Catch Up with Guests from Oprah & Eckhart Tolle: A New Earth
"My question, really, is twofold. The first is: How should I approach finding a career that is fulfilling but doesn't strengthen my ego?" Ivy said. "Secondly, and perhaps the more pressing question for me is, How do I do this while also becoming comfortable and embracing the uncertainty that's defining my life right now?"
Eckhart responded by telling Ivy that we are constantly faced with uncertainty, but enjoyment can come when we accept it. If everything had been mapped out or clear for her at the time, she'd have never evolved or grown. An important part of Ivy's life at this point was to make mistakes, which gradually would have taught her what was right for her.
"Life is an adventure," Eckhart said. "It's not a packaged tour. When you travel, you can take a package tour, and everything is already planned; there's no uncertainty. ... You know beforehand where you're going to be in 10 days' time exactly. That's not an adventure, and it's unlikely that you're going to evolve internally through a trip like that."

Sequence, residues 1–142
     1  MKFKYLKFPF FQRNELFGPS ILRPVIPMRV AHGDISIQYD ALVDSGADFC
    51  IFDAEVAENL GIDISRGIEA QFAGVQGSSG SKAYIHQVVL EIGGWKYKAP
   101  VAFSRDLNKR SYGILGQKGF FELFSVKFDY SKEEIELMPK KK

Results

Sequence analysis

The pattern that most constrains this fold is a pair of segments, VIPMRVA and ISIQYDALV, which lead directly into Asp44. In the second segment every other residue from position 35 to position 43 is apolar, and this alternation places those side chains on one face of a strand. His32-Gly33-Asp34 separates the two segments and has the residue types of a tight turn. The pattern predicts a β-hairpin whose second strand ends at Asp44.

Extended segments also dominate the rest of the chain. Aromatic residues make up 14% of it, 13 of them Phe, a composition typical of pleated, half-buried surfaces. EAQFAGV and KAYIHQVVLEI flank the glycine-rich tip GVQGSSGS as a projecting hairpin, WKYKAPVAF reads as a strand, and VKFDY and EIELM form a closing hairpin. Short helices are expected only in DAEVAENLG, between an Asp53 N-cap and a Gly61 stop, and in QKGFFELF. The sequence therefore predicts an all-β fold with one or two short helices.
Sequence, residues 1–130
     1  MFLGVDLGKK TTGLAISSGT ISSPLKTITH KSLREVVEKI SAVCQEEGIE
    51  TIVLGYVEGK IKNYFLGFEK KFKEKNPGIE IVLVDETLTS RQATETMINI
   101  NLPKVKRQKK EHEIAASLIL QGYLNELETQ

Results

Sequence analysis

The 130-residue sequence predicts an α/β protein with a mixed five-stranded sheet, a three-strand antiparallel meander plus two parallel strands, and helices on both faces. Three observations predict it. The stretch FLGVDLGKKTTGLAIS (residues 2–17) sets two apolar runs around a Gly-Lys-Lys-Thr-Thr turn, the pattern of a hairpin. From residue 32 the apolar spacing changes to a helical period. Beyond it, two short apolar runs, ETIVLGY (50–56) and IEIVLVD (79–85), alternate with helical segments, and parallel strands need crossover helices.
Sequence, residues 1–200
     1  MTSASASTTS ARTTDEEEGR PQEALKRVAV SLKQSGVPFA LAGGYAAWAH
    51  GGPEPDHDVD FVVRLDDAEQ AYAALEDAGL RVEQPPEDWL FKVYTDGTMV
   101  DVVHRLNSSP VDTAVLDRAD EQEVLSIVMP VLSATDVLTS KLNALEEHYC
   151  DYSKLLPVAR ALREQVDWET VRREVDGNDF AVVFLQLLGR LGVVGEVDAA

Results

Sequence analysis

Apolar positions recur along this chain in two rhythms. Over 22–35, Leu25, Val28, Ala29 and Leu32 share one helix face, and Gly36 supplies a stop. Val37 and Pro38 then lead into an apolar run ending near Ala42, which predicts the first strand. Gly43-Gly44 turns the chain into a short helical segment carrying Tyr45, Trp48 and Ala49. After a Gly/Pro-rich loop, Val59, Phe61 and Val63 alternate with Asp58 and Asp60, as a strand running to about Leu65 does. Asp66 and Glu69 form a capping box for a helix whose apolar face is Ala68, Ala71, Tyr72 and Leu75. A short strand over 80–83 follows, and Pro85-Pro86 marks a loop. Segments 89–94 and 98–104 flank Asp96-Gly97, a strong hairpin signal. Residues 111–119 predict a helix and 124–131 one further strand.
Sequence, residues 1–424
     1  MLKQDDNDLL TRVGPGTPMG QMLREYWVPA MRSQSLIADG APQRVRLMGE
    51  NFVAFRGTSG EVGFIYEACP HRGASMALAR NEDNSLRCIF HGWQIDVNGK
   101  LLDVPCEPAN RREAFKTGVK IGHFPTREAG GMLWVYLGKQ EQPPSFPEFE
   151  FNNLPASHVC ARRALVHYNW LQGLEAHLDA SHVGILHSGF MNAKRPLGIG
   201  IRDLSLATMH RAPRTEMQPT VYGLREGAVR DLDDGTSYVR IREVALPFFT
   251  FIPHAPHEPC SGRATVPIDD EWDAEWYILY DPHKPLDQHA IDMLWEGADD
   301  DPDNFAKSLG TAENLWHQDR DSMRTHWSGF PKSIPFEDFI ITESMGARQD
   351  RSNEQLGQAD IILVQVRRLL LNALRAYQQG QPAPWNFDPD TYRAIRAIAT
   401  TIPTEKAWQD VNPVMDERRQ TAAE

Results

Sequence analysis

Eckhart added that by making mistakes, Ivy could take small steps toward recognizing her true purpose. Oprah sympathized, remembering how she had felt stuck in her 20s as a television anchor. Although she had hated the job, she had realized that deciding what she didn't want to do had informed her of what she did want. Eckhart had had a similar experience when, after years in academia, he had realized becoming a professor would be the wrong path for him. He had gone through many years of uncertainty before realizing his purpose was being a spiritual teacher. For Ivy, he said, becoming more at ease with being uncomfortable could lead to infinite possibilities opening up in her life.